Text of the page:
Hall had studied the effects of tidal waves recorded in the literature, and his suggested explanation was based at least in part on observed facts. He supposed these tidal waves to have been caused by some deepseated and powerful submarine manifestation of igneous activity. He attempted to produce a tidal wave by exploding gunpowder under water, but the experiment appears to have done no more than produce a violent upheaval of the water above the explosion.
In this paper Hall indicated certain points of disagreement with Hutton. He was inclined to believe that the elevation of the land had proceeded by occasional discontinuous upheavals, rather than slowly and continuously; and he rejected Hutton’s view that the slow and continuous action of rivers accounted for valley systems.
In Hall’s last paper, “On the Consolidation of the Strata of the Earth” (1826), he attempted to prove experimentally that loose sand, heated in concentrated brine, would consolidate into a firm sandstone; but this was perhaps the least successful of his experiments, and the results were unconvincing.
One of Hall’s interests was Gothic architecture, which came to his notice during his visits to France. He wrote a book on this subject, in which he expressed ingenious views as to its origin—but these are not now considered sound.
I. Original Works. The following papers were all published in the Transactions of the Royal Society of Edinburgh: “Sir James Hall on Granite,” 3 (1794), pt. 1, History of the Society, 8–12 (a summary of two papers read 4 Jan. and 1 Mar. 1790, at Hall’s request not published in full); “On the Origin and Principles of Gothic Architecture,” 4 (1798), pt. 2, Papers of the Literary Class, 3–27, also published separately (London, 1813); “Experiments on Whinstone and Lava,” 5 (1805), 43–75; “Account of a Series of Experiments, Shewing the Effects of Compression in Modifying the Action of Heat,” 6 (1812), 71–185; “On the Vertical Position and Convolutions of Certain Strata, and Their Relations With Granite,” 7 (1815), 79–108; “On the Revolutions of the Earth’s Surface,” ibid., 139–211; and “On the Consolidation of the Strata of the Earth,” 10 (1826), 314–329.
Hall also published his two most important papers in William Nicholson’s Journal of Natural Philosophy, Chemistry, and the Arts, both in abstract and in full, no doubt to secure a wider circulation: “Curious Circumstances Upon Which the Vitreous or the Stony Character of Whinstone and Lava Respectively Depend; With Other Facts. In an Account of Experiments Made by Sir James Hall” (an abstract), 2 (1798), 285–288; “Experiments Upon Whinstone and Lava,” 4 (1800), 8–18, 56–65; “Experiments on the Effects of Heat Modified by Compression” (an abstract), 9 (1804), 98–107; “Account of a Series of Experiments, Shewing the Effects of Compression in Modifying the Action of Heat,” 13 (1806), 328–343, 381–405; 14 (1806), 13–22, 113–128, 196–212, 302–3l8—the last five pages are an appendix (not in the Transactions paper), a catalog of 31 specimens “shewing the results of Sir James Hall’s experiments on the effect of heat modified by compression,” deposited by him in the British Museum.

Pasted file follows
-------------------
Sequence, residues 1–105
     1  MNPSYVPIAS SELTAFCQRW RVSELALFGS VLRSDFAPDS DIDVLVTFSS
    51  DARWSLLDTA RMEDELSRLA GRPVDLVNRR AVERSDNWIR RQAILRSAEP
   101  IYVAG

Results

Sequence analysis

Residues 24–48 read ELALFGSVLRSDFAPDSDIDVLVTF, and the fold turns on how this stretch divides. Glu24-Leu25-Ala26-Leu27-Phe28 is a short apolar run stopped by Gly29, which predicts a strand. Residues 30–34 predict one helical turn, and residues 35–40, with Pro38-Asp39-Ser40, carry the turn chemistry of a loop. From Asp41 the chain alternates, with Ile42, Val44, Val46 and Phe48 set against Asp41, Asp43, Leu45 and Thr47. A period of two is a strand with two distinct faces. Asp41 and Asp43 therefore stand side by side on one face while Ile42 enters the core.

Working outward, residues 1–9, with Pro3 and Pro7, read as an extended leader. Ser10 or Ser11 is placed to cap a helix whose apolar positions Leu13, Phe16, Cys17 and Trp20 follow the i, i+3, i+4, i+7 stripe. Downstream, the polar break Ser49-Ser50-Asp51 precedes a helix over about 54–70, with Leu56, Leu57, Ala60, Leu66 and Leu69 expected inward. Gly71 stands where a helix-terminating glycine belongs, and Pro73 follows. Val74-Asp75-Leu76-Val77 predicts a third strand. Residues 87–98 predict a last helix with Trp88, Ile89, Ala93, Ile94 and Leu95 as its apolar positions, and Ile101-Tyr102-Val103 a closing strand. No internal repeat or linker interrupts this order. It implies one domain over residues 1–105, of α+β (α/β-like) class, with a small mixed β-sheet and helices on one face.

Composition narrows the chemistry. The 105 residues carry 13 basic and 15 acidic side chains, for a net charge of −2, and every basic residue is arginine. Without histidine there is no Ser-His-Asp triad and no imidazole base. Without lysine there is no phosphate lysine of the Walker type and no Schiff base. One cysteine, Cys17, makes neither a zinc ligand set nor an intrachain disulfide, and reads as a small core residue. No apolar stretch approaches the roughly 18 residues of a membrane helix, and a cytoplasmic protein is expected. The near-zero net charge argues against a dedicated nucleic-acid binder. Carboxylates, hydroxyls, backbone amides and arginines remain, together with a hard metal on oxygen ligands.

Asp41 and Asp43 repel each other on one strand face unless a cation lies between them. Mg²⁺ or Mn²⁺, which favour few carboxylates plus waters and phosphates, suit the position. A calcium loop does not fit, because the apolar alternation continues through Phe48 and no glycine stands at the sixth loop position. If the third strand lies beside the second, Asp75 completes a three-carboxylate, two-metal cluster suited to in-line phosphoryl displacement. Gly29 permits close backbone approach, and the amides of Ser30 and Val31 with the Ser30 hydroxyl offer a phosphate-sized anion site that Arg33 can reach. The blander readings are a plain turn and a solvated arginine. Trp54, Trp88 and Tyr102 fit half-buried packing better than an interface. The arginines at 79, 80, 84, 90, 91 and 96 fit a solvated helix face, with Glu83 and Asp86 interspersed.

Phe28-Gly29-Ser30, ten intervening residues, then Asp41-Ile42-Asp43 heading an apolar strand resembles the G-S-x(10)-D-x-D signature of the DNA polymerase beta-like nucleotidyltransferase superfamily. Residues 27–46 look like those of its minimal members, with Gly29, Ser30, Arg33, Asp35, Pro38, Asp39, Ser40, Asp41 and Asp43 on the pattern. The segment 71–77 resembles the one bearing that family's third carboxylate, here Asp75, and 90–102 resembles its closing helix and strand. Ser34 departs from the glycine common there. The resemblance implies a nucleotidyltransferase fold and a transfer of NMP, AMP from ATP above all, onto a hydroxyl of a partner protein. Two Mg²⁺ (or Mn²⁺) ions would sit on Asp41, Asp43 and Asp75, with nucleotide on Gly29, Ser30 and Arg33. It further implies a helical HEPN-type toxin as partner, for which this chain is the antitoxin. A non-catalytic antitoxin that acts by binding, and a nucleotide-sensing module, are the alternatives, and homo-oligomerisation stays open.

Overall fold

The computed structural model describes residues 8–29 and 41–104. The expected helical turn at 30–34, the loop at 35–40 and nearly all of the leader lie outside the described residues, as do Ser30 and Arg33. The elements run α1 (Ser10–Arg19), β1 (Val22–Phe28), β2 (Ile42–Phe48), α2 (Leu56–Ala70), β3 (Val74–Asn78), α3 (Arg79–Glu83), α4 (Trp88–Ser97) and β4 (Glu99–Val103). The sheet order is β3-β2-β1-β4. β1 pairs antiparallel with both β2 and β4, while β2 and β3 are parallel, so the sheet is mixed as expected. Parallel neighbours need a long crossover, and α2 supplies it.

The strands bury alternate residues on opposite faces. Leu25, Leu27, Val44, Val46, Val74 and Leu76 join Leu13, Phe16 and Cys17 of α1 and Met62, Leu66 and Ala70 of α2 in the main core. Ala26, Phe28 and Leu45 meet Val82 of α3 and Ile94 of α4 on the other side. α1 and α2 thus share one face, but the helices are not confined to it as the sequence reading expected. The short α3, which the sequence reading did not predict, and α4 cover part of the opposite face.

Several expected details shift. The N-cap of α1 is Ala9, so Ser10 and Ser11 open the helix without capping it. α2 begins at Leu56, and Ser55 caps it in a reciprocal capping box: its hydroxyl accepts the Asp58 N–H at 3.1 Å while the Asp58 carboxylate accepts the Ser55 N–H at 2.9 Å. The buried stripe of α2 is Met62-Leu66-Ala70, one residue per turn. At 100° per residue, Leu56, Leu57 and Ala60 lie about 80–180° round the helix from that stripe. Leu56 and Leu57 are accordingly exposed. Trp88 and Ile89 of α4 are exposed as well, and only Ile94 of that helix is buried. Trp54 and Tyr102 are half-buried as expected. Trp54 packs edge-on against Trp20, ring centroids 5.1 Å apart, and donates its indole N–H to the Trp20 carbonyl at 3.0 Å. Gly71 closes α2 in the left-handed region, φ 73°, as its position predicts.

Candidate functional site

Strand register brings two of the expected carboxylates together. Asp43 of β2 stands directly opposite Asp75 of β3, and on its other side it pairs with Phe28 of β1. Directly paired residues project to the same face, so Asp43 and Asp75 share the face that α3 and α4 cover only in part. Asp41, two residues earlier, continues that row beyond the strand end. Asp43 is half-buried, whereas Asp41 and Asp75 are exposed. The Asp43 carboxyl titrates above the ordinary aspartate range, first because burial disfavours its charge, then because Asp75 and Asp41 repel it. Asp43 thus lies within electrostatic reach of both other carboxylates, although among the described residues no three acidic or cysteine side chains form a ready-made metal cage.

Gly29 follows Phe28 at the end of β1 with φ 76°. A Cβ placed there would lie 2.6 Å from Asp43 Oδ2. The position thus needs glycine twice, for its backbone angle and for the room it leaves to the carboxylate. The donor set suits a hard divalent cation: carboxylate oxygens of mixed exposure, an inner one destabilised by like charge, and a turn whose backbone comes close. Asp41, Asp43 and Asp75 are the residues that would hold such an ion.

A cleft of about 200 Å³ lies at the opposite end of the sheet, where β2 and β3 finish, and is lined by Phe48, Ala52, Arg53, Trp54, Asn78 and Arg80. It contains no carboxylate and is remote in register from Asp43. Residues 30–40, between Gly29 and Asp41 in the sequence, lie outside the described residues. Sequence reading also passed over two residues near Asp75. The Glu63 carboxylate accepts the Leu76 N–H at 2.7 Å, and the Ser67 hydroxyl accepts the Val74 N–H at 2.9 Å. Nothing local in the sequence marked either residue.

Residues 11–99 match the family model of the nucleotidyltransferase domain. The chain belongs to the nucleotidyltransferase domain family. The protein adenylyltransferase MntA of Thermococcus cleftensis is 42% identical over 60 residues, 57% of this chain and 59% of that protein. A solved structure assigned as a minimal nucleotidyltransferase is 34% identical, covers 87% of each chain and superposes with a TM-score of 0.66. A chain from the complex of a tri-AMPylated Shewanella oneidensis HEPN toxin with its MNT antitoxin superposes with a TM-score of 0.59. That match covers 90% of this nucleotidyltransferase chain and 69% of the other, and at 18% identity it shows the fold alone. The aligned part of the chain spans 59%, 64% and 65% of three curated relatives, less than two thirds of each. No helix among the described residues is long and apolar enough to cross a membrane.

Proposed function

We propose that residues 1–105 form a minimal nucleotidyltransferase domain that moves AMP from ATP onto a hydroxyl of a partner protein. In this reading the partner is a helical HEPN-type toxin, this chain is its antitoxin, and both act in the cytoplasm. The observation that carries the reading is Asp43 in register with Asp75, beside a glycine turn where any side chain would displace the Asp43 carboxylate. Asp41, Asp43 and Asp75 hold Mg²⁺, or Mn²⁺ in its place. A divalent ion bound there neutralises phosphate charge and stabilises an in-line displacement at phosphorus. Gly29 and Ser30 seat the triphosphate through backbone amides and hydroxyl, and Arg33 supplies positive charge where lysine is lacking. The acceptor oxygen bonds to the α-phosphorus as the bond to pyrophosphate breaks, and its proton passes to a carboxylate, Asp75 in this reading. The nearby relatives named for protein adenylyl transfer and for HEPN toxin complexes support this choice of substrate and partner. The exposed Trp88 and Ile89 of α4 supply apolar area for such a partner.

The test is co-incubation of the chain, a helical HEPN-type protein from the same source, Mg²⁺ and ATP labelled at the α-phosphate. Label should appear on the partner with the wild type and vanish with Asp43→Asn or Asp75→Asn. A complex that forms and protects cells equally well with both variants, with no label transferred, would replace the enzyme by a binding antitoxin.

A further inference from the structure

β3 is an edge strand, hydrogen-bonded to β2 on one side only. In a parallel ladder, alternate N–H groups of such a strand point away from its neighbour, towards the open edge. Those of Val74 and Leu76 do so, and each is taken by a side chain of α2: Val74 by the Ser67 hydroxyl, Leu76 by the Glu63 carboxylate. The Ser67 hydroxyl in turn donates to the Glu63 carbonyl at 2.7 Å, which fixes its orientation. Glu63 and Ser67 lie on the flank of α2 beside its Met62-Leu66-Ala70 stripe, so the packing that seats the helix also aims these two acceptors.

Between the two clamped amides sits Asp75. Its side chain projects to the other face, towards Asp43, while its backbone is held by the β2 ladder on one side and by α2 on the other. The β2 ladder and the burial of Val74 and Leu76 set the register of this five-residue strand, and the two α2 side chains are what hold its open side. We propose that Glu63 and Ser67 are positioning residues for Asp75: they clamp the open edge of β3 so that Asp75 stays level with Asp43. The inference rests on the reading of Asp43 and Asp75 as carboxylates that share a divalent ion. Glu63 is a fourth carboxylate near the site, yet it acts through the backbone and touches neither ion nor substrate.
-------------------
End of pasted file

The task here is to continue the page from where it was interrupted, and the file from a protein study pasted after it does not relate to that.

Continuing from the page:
A French translation of the last paper by M. A. Pictet appeared as a separate book: Description d’une suite d’expériences qui montrent comment la compression peut modifier l’action de to chaleur (Geneva, 1807).
The Royal Society Catalogue of Scientific Papers, III (1866), 137, lists some translations and abstracts in foreign journals.
Hall’s unpublished diaries and letters, the principal source of biographical information, are in the National Library of Scotland and the Scottish Record Office Edinburgh.
II. Secondary Literature. V. A. Eyles, “Sir James Hall, Bt. (1761–1832),” in Endeavour, 20 (1961), 210–216, illustrates some of Hall’s original apparatus and melts of basalt, with microscopic sections of the latter; and his “The Evolution of a Chemist: Sir James Hall, Bt., F.R.S., P.R.S.E.... and His Relations With Joseph Black, Antoine Lavoisier, and Other Scientists of the Period,” in Annals of Science,19 (1963), 153–182, contains many biographical details of Hall’s life. See also J. S. Flett, “Experimental Geology,” presidential address to Section C, British Association for the Advancement of Science, Edinburgh, 1921, pp. 1–19, a general account of Hall’s experimental work. J. A. Chaldecott, “Contributions of Fellows of the Royal Society to the Fabrication of Platinum Vessels,” in Notes and Records. Royal Society of London,22 (1967), 155–172, refers to Hall’s use of platinum vessels in his experiments; and his “Scientific Activities in Paris in 1791,” in Annals of Science, 24 (1968), 21–52, contains extracts from diaries kept by Hall during his visit to Paris in 1791.
V. A. Eyles